(I originally published this book review of The Rival Queens on a blog that I have since terminated. I am re-formatting and updating it here for Living the Learning Life.)
Book Review of The Rival Queens: Overview
In a nutshell: good story, wrong title.
In The Rival Queens, Nancy Goldstone covers this period of wars in France between Protestants (Hugenots) and Catholics chronologically. A revolving door of minor characters, including lovers, mignons, military generals, and swash-bucklers, enter and leave with impeccable timing. The writing is solid, and all the components of royal history are present in large quantity. There are scandals, intrigue, assassinations, a massacre, weddings, funerals, popes, liars, cheaters, swindlers, religious conflict, sexual promiscuity, bribes, duels, escapes, prisoners, blackmail….you get the point. It’s all there. You can’t turn a page without something surreptitious happening. It’s good history, and I enjoyed Goldstone’s retelling.
Unfortunately, her intended main characters of this drama fall victim to the dynamics of the context.
True, Catherine de’ Medici and Marguerite (Margot) de Valois did not like each other. At all. Even a little bit. Except when it was politically expedient.
But that they were rivals seems a stretch. They were both staunchly Catholic. At times they were on the same side. Other times, enemies. Supporting Henri III? Or Henry de Navarre? Or Both? More correctly, self-preservation is key. Familial bonds did not deter their action when the other was threatening their current leader-of-choice.
Book Review of The Rival Queens:
What is a Rival?
My problem with the book has more to do with expectation than quality. It’s an incredible story, and it really does have every trapping of compelling drama that a novel needs. I was disappointed that although the women were part of the action, their dynamic did not meet my expectations for “rival.”
Rival indicates a level of personal desire to overcome the other. “Beating” the other is the motivation of a rival. More often than not, these women appeared motivated by winning the Catholic/Protestant question of their time. That may make them enemies, but not rivals.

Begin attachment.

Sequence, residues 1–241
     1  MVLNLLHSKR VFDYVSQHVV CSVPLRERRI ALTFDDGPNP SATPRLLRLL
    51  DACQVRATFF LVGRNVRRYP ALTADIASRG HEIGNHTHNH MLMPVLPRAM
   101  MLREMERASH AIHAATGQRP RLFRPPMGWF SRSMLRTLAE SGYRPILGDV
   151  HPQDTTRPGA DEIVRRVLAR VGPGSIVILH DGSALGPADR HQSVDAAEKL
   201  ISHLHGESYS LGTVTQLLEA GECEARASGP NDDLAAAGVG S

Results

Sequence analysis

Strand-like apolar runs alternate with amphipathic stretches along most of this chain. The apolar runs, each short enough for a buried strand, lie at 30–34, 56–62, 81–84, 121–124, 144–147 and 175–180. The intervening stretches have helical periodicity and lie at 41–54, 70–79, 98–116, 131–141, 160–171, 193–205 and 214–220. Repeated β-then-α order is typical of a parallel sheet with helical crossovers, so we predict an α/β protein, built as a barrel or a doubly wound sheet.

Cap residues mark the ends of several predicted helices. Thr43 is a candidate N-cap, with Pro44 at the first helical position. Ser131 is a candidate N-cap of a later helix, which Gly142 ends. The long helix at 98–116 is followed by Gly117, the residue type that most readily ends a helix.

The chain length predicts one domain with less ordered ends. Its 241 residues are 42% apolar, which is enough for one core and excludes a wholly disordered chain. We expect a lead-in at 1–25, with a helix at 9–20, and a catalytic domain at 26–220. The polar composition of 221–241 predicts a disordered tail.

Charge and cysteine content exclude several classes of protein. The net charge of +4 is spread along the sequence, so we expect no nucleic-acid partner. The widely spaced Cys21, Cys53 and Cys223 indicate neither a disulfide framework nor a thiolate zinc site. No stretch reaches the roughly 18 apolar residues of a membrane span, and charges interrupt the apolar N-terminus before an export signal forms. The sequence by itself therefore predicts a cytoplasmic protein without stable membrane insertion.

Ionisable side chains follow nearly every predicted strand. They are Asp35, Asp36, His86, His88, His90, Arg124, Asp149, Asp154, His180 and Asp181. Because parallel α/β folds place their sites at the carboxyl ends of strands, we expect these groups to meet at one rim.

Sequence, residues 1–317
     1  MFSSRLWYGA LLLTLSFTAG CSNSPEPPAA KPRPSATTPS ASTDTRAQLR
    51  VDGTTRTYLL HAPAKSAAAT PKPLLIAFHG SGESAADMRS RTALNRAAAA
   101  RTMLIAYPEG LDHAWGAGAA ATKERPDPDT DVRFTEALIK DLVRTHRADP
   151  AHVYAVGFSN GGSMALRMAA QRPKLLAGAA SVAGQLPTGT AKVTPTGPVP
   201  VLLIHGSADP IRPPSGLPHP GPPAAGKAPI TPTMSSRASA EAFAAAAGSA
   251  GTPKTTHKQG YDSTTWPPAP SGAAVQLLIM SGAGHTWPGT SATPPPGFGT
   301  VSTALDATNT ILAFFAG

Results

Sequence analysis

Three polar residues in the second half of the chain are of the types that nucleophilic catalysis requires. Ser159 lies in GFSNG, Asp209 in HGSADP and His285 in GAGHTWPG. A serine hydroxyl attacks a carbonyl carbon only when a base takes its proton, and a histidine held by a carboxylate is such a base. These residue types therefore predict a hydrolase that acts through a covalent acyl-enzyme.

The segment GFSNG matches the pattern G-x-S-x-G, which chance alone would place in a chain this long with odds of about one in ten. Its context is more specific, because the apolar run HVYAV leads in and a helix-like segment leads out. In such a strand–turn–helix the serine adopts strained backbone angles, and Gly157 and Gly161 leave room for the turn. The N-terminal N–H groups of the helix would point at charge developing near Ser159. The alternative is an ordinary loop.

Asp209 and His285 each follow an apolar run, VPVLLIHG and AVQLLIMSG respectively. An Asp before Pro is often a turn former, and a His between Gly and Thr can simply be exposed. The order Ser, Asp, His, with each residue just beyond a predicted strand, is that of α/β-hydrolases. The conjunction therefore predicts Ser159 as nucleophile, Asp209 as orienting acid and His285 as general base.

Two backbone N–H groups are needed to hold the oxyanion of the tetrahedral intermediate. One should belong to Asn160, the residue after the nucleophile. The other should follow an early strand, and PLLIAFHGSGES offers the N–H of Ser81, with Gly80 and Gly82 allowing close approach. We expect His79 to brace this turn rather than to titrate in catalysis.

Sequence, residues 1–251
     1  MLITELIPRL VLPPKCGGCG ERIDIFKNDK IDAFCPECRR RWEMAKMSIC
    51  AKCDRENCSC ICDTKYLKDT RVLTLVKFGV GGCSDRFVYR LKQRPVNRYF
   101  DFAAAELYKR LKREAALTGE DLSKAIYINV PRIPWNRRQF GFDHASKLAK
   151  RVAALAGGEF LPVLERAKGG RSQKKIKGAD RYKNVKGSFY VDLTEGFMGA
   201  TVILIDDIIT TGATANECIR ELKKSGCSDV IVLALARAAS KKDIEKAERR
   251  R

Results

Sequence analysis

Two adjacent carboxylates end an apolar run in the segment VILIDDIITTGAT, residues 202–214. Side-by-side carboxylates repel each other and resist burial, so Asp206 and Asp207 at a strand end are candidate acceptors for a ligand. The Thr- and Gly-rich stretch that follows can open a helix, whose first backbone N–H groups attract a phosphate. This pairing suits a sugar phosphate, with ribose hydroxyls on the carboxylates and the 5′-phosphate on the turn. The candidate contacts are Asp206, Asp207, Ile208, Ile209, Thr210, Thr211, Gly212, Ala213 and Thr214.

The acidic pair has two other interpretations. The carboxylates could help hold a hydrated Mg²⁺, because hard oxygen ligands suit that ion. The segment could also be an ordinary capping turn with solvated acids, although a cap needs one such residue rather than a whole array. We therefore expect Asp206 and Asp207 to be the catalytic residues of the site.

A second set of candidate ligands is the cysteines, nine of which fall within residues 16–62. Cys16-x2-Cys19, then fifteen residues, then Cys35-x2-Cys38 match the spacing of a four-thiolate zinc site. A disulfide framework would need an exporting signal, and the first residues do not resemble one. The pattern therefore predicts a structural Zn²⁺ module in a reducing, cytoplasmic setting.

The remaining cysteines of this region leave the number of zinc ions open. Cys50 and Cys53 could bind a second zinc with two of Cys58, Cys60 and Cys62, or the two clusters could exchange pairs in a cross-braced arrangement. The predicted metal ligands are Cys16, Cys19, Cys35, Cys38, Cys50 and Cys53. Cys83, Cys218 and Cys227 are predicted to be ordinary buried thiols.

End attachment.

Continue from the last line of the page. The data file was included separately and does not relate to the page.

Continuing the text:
There is a stronger case for the Henri/Henry duo in this story to be defined as rivals. In that case, by association of connection, then we could argue for rivals between the two women. But even that slips through the story in a few places when allegiances shift in response to the realities.
Book Review of The Rival Queens:
If Not Rival, What Then?
Both women had moments of political success and strategic posturing, but I was never convinced that either was motivated by selfish ambition towards power. And, even when power did come into play, they were most often fighting on behalf of someone else: playing the queen to a king. They were not impotent or without influence, but they were not themselves working towards a self-aggrandizing scheme. That they chose to be involved at all is perhaps their most exceptional feature—neither would sit placidly as a victim.
Henri III contained Catherine. She worked as a mediator and occasionally gave an opinion against an action suggested by Henri III. It was clear from Goldstone’s writing and the events themselves that Catherine was not in charge. Nor did it seem that she had her own designs of authority. She took what she had as long as one of her sons was on the throne. She would do what it took to keep them there.
Marguerite de Valois
For her part, Catholic Queen Margot, in the few happy years of her marriage to the Protestant Henry de Navarre, reflected warmly on their relationship. She made a few strategic decisions, motivated by survival, when their relationship devolved into isolation and manipulation.
Margot’s brief foray into espionage was motivated by support for her brother, Francois. It was brave, no doubt, and she was no innocent. But, even as her claims to power flickered she was not striving on her own account to settle a score with her mother or grow her own personal power.
In Paris, Margot lived lavishly, generously, and amicably with her ex-husband and his new bride, the current Queen of France. She was a favored aunt in the royal court. And in this she seemed content.
Both women had moments of effective decision-making, subterfuge, and success. But as the tale unfolds it continues to seem that their (re)actions were based on situations, politics, and survival. They did not make grabs for the throne or raise concerns over leadership rights.
Catherine tended to be reactive and Margot favored pro-action. Sometimes their strategies were successful, sometimes they backfired. A few times Lady Luck appeared to have more of an influence than anyone else.
Good story. But it doesn’t match the title. Maybe All’s Fair in Love and War instead? Because really, everything was in this one. Good read, just be prepared to enjoy the history and all the characters involved because the two Queens are a part of the story—not the whole story.
If you like history but tend to prefer fiction, don’t miss The Mountains Sing by Nguyen Phan Que Mai. It’s a beautiful inter-generational story set in 20th century Vietnam, and I finished it in two days!